Proposal: Reducing the burden on the AMCU
As discussed above, any activity involving state funding can be considered state aid today. The AMCU receives a large number of notifications regarding state aid, which burdens the Committee. Although the number of notifications and corresponding decisions has decreased in recent years (Figure 1), the authors of Draft Law No. 5648 consider the burden on AMCU as the main reason for adopting the law.
Source: AMCU report
For prioritization purposes, the draft law proposes limiting AMCU’s mandate to state aid “to the extent that it may affect trade between Ukraine and EU member states.” While theoretically, this may prevent lawsuits from European companies claiming that Ukraine violates international treaty provisions, it remains unclear how the AMCU and state aid providers (government authorities, local self-government bodies, and others) will determine whether state aid affects trade with EU countries and to what extent. Such vague wording leaves ample room for different interpretations. Furthermore, as discussed in the previous section, competition support is necessary not for the EU’s sake but to ensure that Ukrainians receive higher-quality goods/services at reasonable prices and to allocate resources more efficiently in our economy. In the case mentioned earlier, with lower lease rates for municipal pharmacies, this situation is unlikely to have an impact on trade with the EU. Still, it placed private pharmacies at a disadvantage, which might have resulted in job cuts and/or price increases.
Conclusions and Recommendations
Ukraine will require (and already requires) substantial funds for reconstruction, and considering the experience of corruption (even during the full-scale war, including in the Ministry of Defense), potential donors for Ukrainian reconstruction raise legitimate concerns about the control of funds. However, such control is primarily necessary for Ukrainians themselves because it is more beneficial for us to receive, for example, two schools rather than a school and a house for an official. Some mechanisms for controlling the use of public funds are already in place, such as ProZorro, reports from the Treasury, as well as audits conducted by the Accounting Chamber and the State Audit Service (although these instruments were restricted, at least in terms of public access, during the state of war). It is likely that during the reconstruction process, these mechanisms will need to be strengthened and possibly supplemented with new ones, as reconstruction will affect not only state or municipal infrastructure (such as schools or hospitals) but also private enterprises whose assets were destroyed or damaged by the Russians.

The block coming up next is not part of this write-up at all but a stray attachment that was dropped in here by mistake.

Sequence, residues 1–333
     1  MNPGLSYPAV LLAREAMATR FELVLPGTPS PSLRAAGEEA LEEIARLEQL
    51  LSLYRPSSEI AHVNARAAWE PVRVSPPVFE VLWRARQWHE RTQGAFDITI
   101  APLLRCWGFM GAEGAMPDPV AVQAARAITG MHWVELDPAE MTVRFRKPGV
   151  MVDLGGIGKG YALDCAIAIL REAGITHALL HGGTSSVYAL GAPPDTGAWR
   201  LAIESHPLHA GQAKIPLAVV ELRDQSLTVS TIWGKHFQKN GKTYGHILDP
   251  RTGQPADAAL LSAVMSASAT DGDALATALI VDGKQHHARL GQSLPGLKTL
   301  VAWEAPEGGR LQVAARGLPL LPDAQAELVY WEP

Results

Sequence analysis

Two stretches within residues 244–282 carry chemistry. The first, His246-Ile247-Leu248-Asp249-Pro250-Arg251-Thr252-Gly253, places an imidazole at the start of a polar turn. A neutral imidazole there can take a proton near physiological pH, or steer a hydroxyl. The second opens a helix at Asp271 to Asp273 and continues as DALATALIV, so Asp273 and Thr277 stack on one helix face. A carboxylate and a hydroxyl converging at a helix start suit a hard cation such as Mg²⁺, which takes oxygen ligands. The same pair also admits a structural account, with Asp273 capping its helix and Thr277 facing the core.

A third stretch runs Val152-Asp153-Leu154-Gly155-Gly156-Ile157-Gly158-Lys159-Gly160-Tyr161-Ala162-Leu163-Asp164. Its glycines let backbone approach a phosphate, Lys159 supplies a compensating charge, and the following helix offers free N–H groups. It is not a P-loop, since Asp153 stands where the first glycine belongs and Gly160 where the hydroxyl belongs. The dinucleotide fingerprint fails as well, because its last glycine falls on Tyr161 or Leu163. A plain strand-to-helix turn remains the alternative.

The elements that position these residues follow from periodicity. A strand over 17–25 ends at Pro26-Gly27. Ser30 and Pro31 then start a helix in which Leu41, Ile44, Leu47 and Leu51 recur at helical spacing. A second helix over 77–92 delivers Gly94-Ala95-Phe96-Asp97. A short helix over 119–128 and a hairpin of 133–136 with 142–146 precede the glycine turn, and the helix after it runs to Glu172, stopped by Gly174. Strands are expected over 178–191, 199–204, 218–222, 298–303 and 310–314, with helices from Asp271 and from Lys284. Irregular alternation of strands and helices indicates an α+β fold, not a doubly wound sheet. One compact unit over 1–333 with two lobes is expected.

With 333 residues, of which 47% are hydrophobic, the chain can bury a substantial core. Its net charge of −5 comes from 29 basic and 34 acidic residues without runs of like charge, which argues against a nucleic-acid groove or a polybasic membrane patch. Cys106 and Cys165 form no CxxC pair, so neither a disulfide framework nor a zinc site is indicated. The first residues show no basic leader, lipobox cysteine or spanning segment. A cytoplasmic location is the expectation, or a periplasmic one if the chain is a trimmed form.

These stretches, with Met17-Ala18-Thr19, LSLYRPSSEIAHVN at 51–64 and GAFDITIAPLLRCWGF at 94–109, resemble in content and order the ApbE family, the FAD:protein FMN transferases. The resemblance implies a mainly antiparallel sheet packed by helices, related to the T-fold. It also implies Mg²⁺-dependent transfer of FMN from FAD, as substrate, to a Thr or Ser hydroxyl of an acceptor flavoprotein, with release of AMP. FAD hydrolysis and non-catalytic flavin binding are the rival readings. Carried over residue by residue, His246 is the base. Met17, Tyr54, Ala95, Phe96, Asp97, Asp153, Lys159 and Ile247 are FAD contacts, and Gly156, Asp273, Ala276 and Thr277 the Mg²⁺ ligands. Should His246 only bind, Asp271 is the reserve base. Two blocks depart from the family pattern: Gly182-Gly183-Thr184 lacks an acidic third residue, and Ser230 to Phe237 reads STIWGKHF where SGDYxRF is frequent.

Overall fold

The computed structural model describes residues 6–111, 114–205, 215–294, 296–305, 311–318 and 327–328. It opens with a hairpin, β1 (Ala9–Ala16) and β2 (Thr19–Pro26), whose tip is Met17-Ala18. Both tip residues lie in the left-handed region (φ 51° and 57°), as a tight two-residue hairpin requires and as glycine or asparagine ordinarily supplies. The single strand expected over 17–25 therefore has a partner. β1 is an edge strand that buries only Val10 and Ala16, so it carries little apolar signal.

State aid is the most challenging tool both in terms of implementation and control. Therefore, considering the weakness of Ukrainian institutions, it is unlikely that we can simply adopt EU norms. In our opinion, the changes in this area should involve the following:
- maximum simplification: for example, limiting state aid only to direct subsidies and prohibiting tax benefits, debt write-offs, state or local government involvement in the capital of enterprises, and so on. This is because the volume of subsidies can be seen at least in the corresponding budget;